MAY ONE WHO KILLED SOMEONE GIVE BIRKAS KOHANIM? [Birkas Kohanim :murderer]
(R. Yochanan): A Kohen who killed someone may not give Birkas Kohanim -- "Yedeichem Damim Male'u."
Sanhedrin 35b (Abaye) Suggestion: Avodah overrides Shabbos, but Misas Beis Din does not override Shabbos. All the more so, Misas Beis Din should not override Avodah!
Rejection: It says "me'Im Mizbechi Tikachenu Lamus"! (If a Kohen murdered, even if he is near the Mizbe'ach and about to do Avodah, we immediately take him to execute him.)
Yerushalmi (Gitin 5:9 23b): Do not say 'Ploni the Kohen transgresses Arayos and murder, and he blesses us?!' Hash-m says 'who blesses you? I am the One who blesses you - "va'Ani Avarachem"!'
Rambam (Hilchos Tefilah 15:3): If a Kohen killed someone, even b'Shogeg, even if he did Teshuvah, he cannot Duchan. It says "Ach Lo Ya'alu..."; Birkas Kohanim is like Avodah. Other Aveiros do not disqualify.
Hagahos Maimoniyos (1): Avi ha'Ezri disqualifies only if he is known to do so repeatedly. R. Simchah brings a proof from the Yerushalmi. Sefer ha'Mitzvos (20) wrote like the Rambam.
Mordechai (Megilah 818): Avi ha'Ezri disqualifies only if he is known to do so repeatedly, due to the Yerushalmi. It connotes that a Kohen who killed may Duchan. If a Kohen circumcised a baby and the baby died, R. Shimshon says that he can Duchan. The Gemara connotes that only one who killed b'Shogeg b'Mezid is disqualified, for it says Yedeichem Damim Male'u. Here is different, for he intended for a Mitzvah. Also, perhaps the baby was not born after a full term pregnancy (it was a Nefel)! Also, perhaps wind (or a spirit) confounded the baby (and caused its death).
Rambam (Hilchos Rotze'ach 6:3): If he was Shogeg close to Ones, i.e. it was wondrous that he died, for usually people do not die in such cases, he is exempt from Galus, and if the Go'el ha'Dam killed him, he is killed for this.
Rivash (94): If a Kohen killed someone, he forfeits the Kedushah. All the more so this applies nowadays, when Kohanim cannot prove their lineage.
Tosfos (Sanhedrin 35b DH she'Ne'emar): Why does the Gemara say that execution overrides Avodah? The Kohen is not qualified to serve! A murderer may not Duchan due to "Yedeichem Damim Male'u", all the more so he may not do Avodah! We must say that his Avodah is Kosher. It is a mere stringency that he does not Duchan. Alternatively, Birkas Kohanim is different, for his hands killed, and the prosecutor cannot become the advocate. The same verse that disqualifies from Birkas Kohanim says "uv'Prishchem Kapeichem A'alim Einai."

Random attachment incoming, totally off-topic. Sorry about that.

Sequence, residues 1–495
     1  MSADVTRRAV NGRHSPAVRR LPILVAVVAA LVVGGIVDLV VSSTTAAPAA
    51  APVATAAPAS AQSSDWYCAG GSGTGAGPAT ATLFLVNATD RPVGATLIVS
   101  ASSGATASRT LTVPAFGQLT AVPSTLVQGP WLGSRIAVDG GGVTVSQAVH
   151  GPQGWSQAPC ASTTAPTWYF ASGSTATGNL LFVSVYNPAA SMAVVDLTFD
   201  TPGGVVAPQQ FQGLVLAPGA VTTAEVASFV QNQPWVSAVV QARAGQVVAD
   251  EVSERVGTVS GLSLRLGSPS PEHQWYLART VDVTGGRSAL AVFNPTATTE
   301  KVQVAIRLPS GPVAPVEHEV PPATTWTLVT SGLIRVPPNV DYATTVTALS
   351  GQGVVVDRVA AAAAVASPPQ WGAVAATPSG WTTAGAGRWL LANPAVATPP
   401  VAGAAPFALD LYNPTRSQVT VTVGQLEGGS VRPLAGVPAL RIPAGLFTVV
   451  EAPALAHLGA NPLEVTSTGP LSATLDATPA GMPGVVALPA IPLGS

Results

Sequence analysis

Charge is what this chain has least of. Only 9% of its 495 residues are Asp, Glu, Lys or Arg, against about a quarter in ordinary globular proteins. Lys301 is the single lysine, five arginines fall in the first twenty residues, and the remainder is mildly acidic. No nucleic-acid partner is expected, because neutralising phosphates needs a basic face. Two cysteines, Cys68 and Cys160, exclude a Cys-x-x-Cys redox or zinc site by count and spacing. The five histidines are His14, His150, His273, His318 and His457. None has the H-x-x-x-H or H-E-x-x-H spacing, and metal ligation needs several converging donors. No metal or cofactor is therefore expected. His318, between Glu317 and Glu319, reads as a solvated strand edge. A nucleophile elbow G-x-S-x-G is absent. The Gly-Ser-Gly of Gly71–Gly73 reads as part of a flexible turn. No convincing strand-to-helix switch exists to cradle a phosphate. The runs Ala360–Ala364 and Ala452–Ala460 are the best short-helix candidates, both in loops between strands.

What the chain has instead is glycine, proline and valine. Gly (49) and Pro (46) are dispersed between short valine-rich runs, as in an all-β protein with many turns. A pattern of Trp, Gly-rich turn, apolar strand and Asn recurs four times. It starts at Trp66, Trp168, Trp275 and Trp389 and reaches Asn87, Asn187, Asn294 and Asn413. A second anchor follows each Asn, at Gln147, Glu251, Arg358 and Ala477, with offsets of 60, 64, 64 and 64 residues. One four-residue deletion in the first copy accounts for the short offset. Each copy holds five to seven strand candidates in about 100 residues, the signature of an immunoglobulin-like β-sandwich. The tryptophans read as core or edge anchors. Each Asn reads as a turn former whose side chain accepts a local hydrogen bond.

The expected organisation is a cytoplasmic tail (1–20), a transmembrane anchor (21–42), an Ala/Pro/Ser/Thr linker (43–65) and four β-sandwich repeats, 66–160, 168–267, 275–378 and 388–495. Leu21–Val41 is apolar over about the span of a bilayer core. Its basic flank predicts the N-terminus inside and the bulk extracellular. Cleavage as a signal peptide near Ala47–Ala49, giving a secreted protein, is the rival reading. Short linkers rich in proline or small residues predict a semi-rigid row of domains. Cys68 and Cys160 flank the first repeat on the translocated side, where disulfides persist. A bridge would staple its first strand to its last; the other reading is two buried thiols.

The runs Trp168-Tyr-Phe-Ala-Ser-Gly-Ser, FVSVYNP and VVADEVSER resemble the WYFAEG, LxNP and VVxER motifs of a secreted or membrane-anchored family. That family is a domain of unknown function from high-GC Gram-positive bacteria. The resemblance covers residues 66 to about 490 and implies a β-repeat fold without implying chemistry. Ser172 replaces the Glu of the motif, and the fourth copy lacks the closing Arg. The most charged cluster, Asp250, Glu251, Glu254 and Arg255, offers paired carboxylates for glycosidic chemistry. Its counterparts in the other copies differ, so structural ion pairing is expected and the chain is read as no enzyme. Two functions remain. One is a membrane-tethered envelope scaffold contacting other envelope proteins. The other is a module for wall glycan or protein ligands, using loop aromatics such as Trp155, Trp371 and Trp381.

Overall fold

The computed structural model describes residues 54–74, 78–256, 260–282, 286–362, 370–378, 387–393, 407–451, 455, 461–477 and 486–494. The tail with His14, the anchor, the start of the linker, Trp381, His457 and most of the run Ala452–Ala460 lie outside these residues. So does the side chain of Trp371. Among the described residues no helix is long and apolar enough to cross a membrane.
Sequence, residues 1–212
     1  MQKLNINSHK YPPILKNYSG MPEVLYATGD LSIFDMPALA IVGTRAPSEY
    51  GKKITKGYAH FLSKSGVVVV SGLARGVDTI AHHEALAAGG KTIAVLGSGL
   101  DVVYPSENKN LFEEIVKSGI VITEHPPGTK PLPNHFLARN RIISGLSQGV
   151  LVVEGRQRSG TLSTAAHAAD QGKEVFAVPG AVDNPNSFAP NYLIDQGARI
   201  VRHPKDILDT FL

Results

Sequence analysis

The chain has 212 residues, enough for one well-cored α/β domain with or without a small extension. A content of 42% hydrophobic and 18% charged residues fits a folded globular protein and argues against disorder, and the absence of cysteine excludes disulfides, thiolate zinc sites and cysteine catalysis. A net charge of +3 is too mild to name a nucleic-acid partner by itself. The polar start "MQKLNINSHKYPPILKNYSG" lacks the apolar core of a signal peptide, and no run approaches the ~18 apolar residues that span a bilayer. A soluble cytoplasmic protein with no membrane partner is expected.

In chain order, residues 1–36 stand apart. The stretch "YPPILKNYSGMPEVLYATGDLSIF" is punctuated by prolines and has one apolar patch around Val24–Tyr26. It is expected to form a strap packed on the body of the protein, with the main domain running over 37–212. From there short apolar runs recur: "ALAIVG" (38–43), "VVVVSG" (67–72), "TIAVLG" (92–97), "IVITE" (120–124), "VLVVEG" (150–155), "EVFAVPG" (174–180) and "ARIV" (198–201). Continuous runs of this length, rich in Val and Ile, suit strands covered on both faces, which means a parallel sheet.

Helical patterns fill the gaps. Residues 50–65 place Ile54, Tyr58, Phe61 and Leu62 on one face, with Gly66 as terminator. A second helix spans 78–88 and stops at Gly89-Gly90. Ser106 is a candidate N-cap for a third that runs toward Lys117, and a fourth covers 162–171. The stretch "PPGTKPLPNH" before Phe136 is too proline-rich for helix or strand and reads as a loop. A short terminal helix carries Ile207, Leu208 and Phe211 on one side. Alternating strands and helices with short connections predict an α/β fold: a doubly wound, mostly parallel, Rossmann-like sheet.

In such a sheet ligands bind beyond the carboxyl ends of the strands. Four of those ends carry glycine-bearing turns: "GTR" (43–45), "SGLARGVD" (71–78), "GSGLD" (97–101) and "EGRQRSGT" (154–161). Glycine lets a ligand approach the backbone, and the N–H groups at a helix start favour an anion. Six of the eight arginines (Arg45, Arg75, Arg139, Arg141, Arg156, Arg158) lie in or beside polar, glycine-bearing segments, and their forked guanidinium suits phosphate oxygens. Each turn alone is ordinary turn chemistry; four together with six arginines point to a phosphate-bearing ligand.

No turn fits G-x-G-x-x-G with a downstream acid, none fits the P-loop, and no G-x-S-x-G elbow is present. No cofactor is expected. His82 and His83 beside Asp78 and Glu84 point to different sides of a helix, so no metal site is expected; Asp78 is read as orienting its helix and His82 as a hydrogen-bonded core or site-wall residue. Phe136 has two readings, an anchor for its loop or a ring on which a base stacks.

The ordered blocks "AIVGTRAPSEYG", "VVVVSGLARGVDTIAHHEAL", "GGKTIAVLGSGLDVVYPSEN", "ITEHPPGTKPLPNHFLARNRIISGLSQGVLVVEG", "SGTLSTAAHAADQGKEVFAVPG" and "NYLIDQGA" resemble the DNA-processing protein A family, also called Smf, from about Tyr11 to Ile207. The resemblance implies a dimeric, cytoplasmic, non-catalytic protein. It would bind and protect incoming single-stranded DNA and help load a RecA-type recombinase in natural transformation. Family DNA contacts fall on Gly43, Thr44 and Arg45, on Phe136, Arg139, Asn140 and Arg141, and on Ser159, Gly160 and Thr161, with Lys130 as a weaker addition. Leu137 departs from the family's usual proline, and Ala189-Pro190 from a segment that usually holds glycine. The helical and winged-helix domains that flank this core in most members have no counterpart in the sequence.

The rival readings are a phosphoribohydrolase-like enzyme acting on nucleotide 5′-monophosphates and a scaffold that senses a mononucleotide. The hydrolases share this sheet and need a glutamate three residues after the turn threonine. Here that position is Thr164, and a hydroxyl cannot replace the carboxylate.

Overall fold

Ritva (Makos 13a DH Mai): Tosfos and my Rebbi (the Ramah) say that a Kohen who killed may not Duchan even if he repented, for it says Yedeichem Damim Male'u.
Tur (OC 128): Rashi and R. Gershom say that if he repented, he may Duchan. He brings a proof from the Yerushalmi. Maharam me'Rotenburg says that we do not tell him to ascend, but if he ascended, we do not protest. It seems that l'Chatchilah he should not bless, because Birkas Kohanim is equated to Avodah.
Shulchan Aruch (OC 128:35): If a Kohen killed someone, even b'Shogeg, he may not give Birkas Kohanim, even if he repented.
Taz (32): "Yedeichem Damim Male'u... Gam Ki Sarbu Sefilah" connotes that Teshuvah does not help.
Be'er Heitev (59, citing Pri Chodosh 35): If he was forced to kill, he may Duchan.
Mishnah Berurah (128): Even though one must forfeit his life and not murder, if he killed he is not Chayav Misah for this, and he is not disqualified from Birkas Kohanim.
Be'er Heitev (59a citing Pri Chodosh 35): If he shoved a pregnant woman and she miscarried, he may Duchan.
Mishnah Berurah (129): This is because one is not Chayav Misah for killing a fetus.
Pri Chodosh (37): Teshuvah helps for a Mumar, but not for a murderer, for the prosecutor cannot become the advocate.
Kaf ha'Chayim (205): We prevent him from giving Birkas Kohanim only if there are witnesses that he killed.
Kaf ha'Chayim (208): If he was Shogeg close to Ones, he may Duchan even without Teshuvah. Eliyahu Rabah (63) learns from the Rambam in Hilchos Rotze'ach that if he was Shogeg close to Ones, he may Duchan, even without Teshuvah. Eshel Avraham (51) is stringent l'Chatchilah. Therefore, one should not be lenient until he repented.
Kaf ha'Chayim (209): When a Kohen is disqualified, he may not Duchanwhether or not there are other Kohanim who will Duchan.
Rema: Some say that if he repented, he may give Birkas Kohanim. We should be lenient for Ba'alei Teshuvah, and not close the door (to Teshuvah) in front of them. This is the custom.